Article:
THE EVENT SOUNDED LIKE A PARODY OF A SOCIETY PARTY: Marvin’s Million Dollar Dream, a $1,000-a-plate gala celebrating the seventy-fifth birthday of that disturbingly loud Houston TV personality, Marvin Zindler. It would be held in late August, the sweatiest month of the year—precisely when people of money and taste scrambled to get out of town. Had chairwoman Carolyn Farb lost her mind? God, no one held black-tie parties in August.
But Farb, one of Houston’s most elegant blond swans, was determined to make history. She even predicted in a press release that the party—a benefit for the University of Texas M. D. Anderson Cancer Center—would “set a new fundraising record” for a one-night event. Old society hands were skeptical. There was no way, they said, that Farb was going to beat the $1.56 million raised at a 1991 gala for M. D. Anderson by Nellie Connally, the widow of John Connally, and Barbara Hurwitz, the wife of controversial Houston industrialist Charles Hurwitz. “Honey, I’ll tell you, we put the screws on that year,” Connally told me before the Farb fete. “We just went out and told everyone they had to give us money. We sold a couple of tables for one hundred thousand dollars apiece. We brought in Gerald and Betty Ford, Lady Bird Johnson, and that movie guy, Jack Valenti. This other woman isn’t going to knock us off.”
Among women of Texas society, of course, charity fundraising is a fiercely competitive sport. When I repeated Connally’s remarks to Farb over lunch at her River Oaks mansion, she abruptly put down her tuna salad sandwich. “They had an entire year to plan and find money for their event, and as I understand it, they also recruited several men to help them raise money,” she said, trying to keep her voice soft and dignified. “We didn’t come up with the idea for Marvin’s Million Dollar Dream until six months ago. And it was up to me alone to find underwriters and sell the tables.”
Of all the charity fundraisers in Texas, few are more famous or more formidable these days than Farb. Initially known in Houston for her marriage to and divorce from real estate king Harold Farb, she gained her own measure of fame in the early eighties when she turned her talents to throwing parties to benefit nonprofit groups. In the past 25 years Farb has raised nearly $10 million, chairing everything from the Houston Ballet ball to Houston’s first AIDS benefit; she has even published a book, How to Raise Millions Helping Others, Having a Ball! “To be a fundraiser,” she writes, “it helps to be a visionary.” As part of her vision for a 1990 cerebral palsy benefit, she arranged for the Goodyear blimp to hover over the Galleria and blink cheerful welcome messages to arriving partygoers. For her Ham It Up party to combat poverty, she introduced a pig as her “hambassador.” “I look at these events as my works of art,” she told me, “and I think the Million Dollar Dream will be remembered as something unique.”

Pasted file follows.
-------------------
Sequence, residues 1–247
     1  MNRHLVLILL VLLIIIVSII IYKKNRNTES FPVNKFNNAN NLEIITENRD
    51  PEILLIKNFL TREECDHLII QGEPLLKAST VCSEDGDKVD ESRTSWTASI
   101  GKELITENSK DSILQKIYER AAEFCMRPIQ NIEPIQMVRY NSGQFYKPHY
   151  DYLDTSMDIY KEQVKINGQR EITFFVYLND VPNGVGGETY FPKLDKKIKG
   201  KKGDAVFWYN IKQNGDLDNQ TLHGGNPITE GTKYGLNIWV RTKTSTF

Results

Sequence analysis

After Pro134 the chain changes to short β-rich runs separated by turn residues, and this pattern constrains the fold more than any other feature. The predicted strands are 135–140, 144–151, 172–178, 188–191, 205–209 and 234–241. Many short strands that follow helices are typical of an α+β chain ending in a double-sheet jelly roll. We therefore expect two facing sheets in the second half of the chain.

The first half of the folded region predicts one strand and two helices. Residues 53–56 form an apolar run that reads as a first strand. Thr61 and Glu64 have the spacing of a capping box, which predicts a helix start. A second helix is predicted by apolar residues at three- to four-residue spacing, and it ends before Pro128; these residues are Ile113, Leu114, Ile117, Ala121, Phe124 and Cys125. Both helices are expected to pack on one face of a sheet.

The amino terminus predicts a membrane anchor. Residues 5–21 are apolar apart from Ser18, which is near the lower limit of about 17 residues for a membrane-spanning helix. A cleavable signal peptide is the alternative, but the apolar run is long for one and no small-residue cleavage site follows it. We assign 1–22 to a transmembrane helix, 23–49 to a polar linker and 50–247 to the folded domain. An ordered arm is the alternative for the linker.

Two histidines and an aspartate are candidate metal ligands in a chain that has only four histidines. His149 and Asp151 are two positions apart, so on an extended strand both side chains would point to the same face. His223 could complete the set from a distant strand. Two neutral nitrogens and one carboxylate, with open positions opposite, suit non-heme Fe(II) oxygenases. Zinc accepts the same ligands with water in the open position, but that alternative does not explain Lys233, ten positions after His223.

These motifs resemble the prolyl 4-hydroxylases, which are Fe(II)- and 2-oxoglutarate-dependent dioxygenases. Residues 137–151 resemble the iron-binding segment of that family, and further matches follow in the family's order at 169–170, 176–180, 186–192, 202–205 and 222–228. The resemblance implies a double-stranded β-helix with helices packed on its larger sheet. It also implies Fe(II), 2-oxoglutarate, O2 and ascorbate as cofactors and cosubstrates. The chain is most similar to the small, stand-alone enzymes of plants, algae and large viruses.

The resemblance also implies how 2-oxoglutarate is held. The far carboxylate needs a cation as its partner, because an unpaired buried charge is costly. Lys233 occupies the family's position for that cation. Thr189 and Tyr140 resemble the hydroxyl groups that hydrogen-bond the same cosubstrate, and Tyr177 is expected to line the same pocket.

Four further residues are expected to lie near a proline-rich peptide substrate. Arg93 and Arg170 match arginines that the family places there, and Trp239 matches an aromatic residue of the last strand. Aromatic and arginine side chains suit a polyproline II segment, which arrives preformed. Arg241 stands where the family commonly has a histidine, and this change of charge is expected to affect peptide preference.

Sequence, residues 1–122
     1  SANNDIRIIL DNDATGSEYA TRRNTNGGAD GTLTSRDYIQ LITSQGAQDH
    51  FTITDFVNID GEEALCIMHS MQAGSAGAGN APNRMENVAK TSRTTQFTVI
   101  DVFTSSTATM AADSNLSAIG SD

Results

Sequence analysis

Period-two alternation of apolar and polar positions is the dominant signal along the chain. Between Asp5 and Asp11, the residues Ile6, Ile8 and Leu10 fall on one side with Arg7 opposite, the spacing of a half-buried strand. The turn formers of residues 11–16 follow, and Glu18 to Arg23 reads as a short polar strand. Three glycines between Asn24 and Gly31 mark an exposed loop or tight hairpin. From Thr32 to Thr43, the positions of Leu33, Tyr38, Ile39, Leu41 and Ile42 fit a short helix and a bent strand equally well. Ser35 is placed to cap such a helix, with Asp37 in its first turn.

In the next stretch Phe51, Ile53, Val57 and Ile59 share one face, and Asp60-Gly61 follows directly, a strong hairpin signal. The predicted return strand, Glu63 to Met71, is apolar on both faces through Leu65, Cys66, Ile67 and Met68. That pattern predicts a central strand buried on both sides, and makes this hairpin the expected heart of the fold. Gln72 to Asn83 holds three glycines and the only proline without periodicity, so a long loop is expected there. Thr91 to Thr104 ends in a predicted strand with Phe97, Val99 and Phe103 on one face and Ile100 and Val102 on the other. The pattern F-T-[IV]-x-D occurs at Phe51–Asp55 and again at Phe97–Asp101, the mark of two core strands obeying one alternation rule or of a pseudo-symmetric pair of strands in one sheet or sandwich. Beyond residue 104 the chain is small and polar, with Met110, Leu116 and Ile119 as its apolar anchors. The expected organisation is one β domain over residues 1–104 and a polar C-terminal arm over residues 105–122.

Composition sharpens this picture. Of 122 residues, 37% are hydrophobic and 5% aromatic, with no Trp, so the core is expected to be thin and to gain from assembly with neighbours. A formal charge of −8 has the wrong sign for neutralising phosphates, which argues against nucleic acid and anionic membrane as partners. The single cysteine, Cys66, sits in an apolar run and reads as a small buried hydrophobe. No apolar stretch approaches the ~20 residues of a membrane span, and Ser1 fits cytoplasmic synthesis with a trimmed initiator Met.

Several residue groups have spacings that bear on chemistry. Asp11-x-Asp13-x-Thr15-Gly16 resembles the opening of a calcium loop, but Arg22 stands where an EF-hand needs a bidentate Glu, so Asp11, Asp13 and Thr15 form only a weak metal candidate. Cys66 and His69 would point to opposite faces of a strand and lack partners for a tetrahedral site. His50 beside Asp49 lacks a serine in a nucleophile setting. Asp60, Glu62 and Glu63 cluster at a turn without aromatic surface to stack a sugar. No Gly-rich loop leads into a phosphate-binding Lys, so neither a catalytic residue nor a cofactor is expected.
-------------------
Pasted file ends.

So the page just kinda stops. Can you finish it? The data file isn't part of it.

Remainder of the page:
On that point, she was right on the money. The idea for the party came together last February, when the general manager of Channel 13, Jim Masucci, asked Farb to chair a birthday bash for Zindler, the station’s consumer reporter. In a snobbier city, like Dallas, Chanel-clad society women would be nervous setting foot in the same room with someone like Zindler, who wears a white wig and blue sunglasses on the air and ends each of his segments by screaming, at the top of his lungs, “Marvin Zindler, Eyewitness News!” But Farb sensed that in freewheeling Houston, the Zindler event would be one-of-a-kind. And since his birthday is in August, she had a chance to strike early—to throw a party so spectacular that Houston’s beautiful people would not be able to stop talking about it, no matter what happened at the more established charity balls held in the fall.
To attract interest from both men and women, Farb suggested that the money raised be split evenly between M. D. Anderson’s prostate cancer and breast cancer research programs. She also arranged for the party to salute retiring M. D. Anderson president Charles A. LeMaistre, a local favorite. But what really got the buzz going in Houston was the news that Farb had persuaded Texans Lyle Lovett and Don Henley to perform for free. Then she announced that one of O. J. Simpson’s defense attorneys, Robert Shapiro, had agreed to take part in the event’s silent auction: Not only would he have lunch in Los Angeles with the highest bidder, but he would also autograph a tie that he wore during the Simpson trial. Charity ball veterans, accustomed to such mundane auction items as weekend trips to Paris, were thrilled. But that wasn’t all. There was a two-hundred-square-foot mural to be painted inside a lucky bidder’s home by artist Jan Parsons, a trip in a Lear jet to the Montana set where Robert Redford is shooting his new film, The Horse Whisperer, and the badge worn by Sharon Stone in the Western flick The Quick and the Dead.
Meanwhile, Farb was cajoling everyone she could to buy tickets to the gala. She called Michael Milken, the eighties junk-bond junkie who today funds a foundation devoted to fighting cancer, and persuaded him to contribute $10,000 and fly in from L.A. for the event. When she ran into former governor Mark White one night at Houston’s Redwood Grill, she spoke so passionately about Marvin’s Million Dollar Dream that he pledged $10,000 on the spot. Ex-governor Dolph Briscoe bought an entire table for $75,000, as did Houston-based Continental Airlines. And so did Compaq Computer Corporation, whose handsome, silver-haired CEO, Eckhard Pfeiffer, just happens to be Farb’s boyfriend.
When word spread through Houston that the party was selling out, there suddenly was as much clamoring for tickets as there was for seats on the last helicopters out of Saigon. “I received calls